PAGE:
2. John McLaughlin – Waltz for Bill Evans from My Goals Beyond

McLaughlin’s guitar contributes much of the atmosphere of In a Silent Way and he included a short Corea tune on his My Goal’s Beyond record from 1971. Both musicians would count Bill Evans as a musical influence and so we featured Waltz for Bill Evans, itself a nod to the classic Evans tune Waltz for Debby, itself now a jazz standard like Corea’s Spain. My Goals’s Beyond is something of a lost album. Although it has been reissued several times, it remains little known against McLaughlin’s more electric output, and was something of a forerunner to his long running Shakti project. Both have strong Indian influences, with McLaughlin being heavily in thrall to Sri Chinmoy, the guru de nos jours for some jazz musicians in the early 1970s.

3. Chick Corea and Return to Forever – Spain from Light As A Feather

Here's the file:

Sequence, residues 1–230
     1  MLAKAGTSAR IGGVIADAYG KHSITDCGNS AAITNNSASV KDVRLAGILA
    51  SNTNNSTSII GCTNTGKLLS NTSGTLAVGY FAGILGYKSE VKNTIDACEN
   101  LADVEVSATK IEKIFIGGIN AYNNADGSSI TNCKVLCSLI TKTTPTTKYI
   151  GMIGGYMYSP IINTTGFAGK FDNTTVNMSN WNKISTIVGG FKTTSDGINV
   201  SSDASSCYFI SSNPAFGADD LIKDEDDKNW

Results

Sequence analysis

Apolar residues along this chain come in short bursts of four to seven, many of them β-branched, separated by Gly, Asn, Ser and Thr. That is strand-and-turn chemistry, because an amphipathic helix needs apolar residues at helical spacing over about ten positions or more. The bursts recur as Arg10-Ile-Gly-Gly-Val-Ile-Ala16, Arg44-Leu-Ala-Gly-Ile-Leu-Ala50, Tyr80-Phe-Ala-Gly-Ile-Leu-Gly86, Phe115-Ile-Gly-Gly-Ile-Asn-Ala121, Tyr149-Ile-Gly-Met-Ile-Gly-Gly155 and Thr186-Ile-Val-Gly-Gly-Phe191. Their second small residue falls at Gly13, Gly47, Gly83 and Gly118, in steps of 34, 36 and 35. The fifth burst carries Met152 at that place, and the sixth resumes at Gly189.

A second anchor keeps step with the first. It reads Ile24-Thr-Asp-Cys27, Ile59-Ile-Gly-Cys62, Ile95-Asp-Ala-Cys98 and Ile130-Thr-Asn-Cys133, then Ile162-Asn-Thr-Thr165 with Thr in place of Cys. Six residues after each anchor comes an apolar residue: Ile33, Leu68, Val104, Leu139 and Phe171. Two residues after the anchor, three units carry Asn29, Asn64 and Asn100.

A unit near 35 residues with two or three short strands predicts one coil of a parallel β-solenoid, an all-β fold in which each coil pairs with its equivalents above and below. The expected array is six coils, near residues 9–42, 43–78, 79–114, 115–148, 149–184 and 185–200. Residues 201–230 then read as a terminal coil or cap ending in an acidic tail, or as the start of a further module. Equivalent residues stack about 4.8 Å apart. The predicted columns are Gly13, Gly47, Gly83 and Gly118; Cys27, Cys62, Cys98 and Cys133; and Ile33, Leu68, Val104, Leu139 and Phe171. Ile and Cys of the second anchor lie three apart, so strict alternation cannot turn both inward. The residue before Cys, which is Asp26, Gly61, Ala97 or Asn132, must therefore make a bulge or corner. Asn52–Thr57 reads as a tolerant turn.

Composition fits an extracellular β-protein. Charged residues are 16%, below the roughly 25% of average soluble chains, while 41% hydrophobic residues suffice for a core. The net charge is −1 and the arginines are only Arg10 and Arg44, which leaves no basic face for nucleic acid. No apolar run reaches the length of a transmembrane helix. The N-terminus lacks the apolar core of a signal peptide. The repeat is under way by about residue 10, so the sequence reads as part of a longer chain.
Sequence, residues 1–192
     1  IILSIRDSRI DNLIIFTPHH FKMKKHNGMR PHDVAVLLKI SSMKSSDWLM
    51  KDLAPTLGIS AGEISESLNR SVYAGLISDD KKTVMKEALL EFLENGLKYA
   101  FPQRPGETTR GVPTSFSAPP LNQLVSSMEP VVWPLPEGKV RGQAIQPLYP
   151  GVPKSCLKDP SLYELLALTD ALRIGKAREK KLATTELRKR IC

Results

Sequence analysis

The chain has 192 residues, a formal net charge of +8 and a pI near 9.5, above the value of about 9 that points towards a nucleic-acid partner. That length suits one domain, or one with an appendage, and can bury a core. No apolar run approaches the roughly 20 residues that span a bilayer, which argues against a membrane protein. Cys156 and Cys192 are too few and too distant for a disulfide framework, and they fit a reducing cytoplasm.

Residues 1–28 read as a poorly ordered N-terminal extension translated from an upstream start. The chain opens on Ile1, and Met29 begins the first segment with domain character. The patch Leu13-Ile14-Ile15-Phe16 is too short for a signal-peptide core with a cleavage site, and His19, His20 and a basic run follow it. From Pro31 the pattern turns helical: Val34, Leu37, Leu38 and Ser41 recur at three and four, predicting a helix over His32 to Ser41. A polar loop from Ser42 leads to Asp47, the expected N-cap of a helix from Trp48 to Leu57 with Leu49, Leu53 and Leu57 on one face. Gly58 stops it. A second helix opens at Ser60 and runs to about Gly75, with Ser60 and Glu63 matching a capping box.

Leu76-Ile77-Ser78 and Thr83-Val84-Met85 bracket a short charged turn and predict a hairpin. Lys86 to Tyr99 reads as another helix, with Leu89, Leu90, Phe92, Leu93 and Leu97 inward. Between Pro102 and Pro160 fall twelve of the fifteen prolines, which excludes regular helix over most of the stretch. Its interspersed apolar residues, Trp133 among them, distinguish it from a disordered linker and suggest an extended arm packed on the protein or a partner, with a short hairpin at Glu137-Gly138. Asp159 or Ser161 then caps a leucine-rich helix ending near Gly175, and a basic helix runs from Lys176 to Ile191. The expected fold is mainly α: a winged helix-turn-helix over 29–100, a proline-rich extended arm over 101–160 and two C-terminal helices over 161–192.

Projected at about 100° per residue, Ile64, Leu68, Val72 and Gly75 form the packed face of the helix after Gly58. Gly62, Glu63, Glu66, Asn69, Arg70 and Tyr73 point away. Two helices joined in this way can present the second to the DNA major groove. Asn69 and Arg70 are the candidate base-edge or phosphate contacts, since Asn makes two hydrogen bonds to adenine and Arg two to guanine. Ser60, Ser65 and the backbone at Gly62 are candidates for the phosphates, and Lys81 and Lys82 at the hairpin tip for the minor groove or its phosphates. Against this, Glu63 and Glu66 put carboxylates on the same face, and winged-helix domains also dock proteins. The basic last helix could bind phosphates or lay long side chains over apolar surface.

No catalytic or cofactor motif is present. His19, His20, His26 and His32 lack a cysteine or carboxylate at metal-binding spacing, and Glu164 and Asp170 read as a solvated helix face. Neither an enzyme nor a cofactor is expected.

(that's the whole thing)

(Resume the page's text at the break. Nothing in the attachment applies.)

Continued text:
Wikipedia counts over 30 different interpretations of Spain and Corea himself recorded the tune a number of times in different formats. We featured the original version on the second Return to Forever group’s album Light As a Feather, recorded in London in 1973. The tune may sound familiar because it opens with a melody from Joaquin Rodrigo’s Concierto de Aranjuez and then continues to use Rodrigo’s chord progressions in Corea’s improvisation. This first version of the Return to Forever group  included Stanley Clarke on bass, Airto Moreira on percussion, Flora Purim on vocals and the under-rated Joe Farrell on flute. A 2CD set from 1998 included a second disc of alternative takes and the track Matrix which first appeared on the aforementioned Now He Sings, Now He Sobs album. It’s not an essential version to have – but the original belongs in everyone’s record collection.